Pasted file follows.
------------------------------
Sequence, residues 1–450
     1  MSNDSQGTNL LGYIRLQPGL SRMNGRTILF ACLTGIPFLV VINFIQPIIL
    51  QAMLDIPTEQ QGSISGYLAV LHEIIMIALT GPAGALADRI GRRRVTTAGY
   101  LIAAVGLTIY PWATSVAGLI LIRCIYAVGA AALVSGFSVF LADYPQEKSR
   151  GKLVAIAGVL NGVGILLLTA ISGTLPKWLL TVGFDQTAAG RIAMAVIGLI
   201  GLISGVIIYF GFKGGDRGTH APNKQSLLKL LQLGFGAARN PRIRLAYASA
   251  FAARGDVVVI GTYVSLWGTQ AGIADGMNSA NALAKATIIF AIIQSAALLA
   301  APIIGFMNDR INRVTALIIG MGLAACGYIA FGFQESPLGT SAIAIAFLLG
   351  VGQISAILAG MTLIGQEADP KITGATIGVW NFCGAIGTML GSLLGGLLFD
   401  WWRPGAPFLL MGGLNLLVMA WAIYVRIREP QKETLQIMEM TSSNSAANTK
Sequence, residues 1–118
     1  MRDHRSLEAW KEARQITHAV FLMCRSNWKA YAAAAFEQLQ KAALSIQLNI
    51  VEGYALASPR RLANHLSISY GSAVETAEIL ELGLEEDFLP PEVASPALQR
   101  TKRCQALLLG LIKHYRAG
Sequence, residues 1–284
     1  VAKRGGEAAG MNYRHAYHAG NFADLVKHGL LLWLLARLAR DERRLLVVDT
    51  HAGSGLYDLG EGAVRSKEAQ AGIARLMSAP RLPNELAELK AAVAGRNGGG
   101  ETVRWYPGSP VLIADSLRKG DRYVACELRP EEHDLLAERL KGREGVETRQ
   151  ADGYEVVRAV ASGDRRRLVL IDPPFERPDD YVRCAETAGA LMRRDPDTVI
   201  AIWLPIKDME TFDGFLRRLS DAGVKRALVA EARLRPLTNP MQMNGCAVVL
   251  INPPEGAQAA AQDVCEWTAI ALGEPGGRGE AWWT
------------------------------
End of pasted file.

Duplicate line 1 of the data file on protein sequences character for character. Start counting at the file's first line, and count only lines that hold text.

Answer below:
Sequence, residues 1–450